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The Importance of Sex Education for women Over 50

Sex Education for Women Over 50

Last year I gave a sex education talk in New York City. The topic was online dating over 50. The emphasis was on various online sites, how to create an attractive on-line dating profile, and the basics of dating safely via this ‘new’ technology.

The conversation drifted to sex—a natural progression and very much on the mind of some of the women in the audience. And if we’re talking about sex, then we have to talk about STDs and protection.

There I was with a group of women, average age around 70, talking about condoms.sexed

We tend not think about older adults and condoms in the same conversation. Sexually transmitted infections (the preferred term), or STIs, are on the rise in older populations.

Older adults have lots of questions about dating and sex, once they start dating again. But, they rarely ask about STIs, or STDs, so as educators we have to start that conversation. And I did just that in front of that group in NYC. I even went so far as to show them a condom AND talk about how to put it on.

The message I wanted to emphasize was that condoms are essential to safe sex. And nothing to be afraid of. Women need to be prepared to talk about them and to insist on using protection during sex with someone new.

I think it’s pretty simple. If a man doesn’t respect you enough to want to keep both of you safe then he’s not worthy of your time.

That’s not an easy one for older women to speak aloud. There are many ways to say it, some more direct than others. I think protecting each other is important. Let’s use condoms until we have both been tested for STIs.

Or even more directly and simply: no condoms, no sex.

When we were in our teens and 20s condoms were different. And the thought was that using a condom spoiled all the fun (for him).

That attitude toward condoms still exists, even though the improvements made possible by technology produce thinner, stronger products, which allow for more sensation.

A recent Canadian study on the sexual health, attitudes and behaviors of adults aged 40-59, funded by Trojan, found,

“A whopping 66 percent of middle-aged women and 49 percent of middle-aged men who’d had three or more sexual partners in the past year didn’t bother to use protection the last time they had sex.”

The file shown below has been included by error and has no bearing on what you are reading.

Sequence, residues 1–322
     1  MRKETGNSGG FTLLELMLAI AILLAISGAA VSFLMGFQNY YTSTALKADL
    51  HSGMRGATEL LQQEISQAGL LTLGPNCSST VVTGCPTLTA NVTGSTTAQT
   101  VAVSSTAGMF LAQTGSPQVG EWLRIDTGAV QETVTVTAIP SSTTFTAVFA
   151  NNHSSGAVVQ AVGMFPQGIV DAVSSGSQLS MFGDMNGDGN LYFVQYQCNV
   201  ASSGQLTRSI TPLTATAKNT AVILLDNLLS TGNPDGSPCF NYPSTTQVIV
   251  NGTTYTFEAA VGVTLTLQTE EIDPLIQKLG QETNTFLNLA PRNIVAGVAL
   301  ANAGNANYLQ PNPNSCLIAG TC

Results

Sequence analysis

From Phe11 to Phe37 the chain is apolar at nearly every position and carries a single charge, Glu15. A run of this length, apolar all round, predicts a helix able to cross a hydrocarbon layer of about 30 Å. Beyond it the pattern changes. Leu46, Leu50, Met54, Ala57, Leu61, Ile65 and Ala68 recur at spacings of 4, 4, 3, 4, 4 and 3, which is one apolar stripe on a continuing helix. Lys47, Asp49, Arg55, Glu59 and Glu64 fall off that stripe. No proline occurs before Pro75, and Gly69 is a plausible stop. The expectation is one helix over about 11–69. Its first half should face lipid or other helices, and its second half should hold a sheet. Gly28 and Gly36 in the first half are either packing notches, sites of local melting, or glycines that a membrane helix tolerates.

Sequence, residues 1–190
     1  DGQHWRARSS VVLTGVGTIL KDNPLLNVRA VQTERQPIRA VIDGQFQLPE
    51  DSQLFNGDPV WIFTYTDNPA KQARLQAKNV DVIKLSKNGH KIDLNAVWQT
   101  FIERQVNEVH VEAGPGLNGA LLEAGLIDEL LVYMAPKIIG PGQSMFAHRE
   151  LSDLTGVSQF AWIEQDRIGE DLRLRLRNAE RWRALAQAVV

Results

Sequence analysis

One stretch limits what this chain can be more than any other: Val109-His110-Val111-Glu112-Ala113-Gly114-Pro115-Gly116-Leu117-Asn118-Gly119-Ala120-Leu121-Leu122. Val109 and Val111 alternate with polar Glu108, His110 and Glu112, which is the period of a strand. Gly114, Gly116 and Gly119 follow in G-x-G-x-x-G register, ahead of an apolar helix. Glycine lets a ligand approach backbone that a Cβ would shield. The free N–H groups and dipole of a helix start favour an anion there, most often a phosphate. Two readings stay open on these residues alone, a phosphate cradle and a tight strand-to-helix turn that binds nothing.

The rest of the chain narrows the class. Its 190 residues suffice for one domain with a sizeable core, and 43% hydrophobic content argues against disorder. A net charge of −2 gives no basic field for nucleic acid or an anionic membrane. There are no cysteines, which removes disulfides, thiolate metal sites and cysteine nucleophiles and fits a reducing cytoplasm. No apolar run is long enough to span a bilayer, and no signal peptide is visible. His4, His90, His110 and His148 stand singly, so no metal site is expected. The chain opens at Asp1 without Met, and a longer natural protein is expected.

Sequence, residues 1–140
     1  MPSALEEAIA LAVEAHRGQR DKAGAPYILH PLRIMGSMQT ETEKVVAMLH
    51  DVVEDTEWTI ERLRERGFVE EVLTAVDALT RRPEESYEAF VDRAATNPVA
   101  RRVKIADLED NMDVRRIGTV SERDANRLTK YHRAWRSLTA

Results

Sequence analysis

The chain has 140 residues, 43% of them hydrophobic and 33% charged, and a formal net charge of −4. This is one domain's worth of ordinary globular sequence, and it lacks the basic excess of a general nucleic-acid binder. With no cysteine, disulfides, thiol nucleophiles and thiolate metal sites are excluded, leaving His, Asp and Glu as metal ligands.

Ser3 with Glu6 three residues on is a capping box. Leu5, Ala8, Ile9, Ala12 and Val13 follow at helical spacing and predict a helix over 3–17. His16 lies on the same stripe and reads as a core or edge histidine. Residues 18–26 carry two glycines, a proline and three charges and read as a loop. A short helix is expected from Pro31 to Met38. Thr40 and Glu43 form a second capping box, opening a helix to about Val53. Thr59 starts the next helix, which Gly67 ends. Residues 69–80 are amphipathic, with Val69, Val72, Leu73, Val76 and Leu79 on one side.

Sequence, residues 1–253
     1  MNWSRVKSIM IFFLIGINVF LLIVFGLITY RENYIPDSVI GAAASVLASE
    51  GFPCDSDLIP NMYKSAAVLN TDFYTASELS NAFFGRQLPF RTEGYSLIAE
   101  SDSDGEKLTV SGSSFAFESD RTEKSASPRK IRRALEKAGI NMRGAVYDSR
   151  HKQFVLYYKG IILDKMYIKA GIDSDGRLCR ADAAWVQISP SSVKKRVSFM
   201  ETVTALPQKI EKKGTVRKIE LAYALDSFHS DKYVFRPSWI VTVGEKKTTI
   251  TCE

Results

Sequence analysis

Canada, like the U.S., has seen a rise in cases of chlamydia, up 153% from 2003 to 2012; Gonorrhea cases have doubled since 2002. The results are similar for the US and older adults are one area with the most significant increase in cases.

Older adults are having sex, though the Canadian study included adults from ages 40-59, so its focus is actually middle age.

Seniors are having sex quite frequently and report levels of activity that counter the idea that older adults no long want, or can have, sex. They are discovering the fun of sex, without the concerns and worries of younger years—and why not?

Here are the report’s most notable findings:

  • 55% of single, middle-aged men and 32% of single, middle-aged women reported having two or more sexual partners in the previous year.
  • 28% of middle-aged men and 24% of middle-aged women described their last sexual encounter as a “friend with benefits”.
  • 65% of men and 72% of women said they didn’t bother using a condom during their last sexual encounter.
  • 56% of men and 61% of women reported not being concerned about contracting an STI. The less concerned respondents were, the less they used condoms.
  • When it came to casual sex, just 38% of middle-aged men reported using protection, compared to 66% of university-age men. And only 39% of older women who were “not dating” insisted on condom use, far lower than university-age women, who used condoms 68% of the time.

It’s refreshing to see studies looking at the sexuality of older adults. Yet it’s alarming to see a lack of awareness about the dangers of sexually transmitted infections.

The answer is two-fold and relatively simple. If you’re reentering the dating pool, and having sex you need to understand the risks and start protecting yourself. I can’t stress enough the importance of getting comfortable using condoms.

 

Walker Thornton

We are delighted to have Walker Thornton as our Women’s Sexual Health columnist. After working for over 10 years in the field of sexual violence against women, Walker is now enjoying a new career as a freelance writer, public speaker, and sex educator with an emphasis on midlife women. Her blog, <a>WalkerThornton.com </a> was ranked #5 by Kinkly.com in their top 100 Sex Blogging Superheroes of 2014. You can connect with her on <a>Facebook </a> and <a href="http://twitter.com/WalkerThornton">Twitter</a> For questions about sexual health, write her at [email protected]

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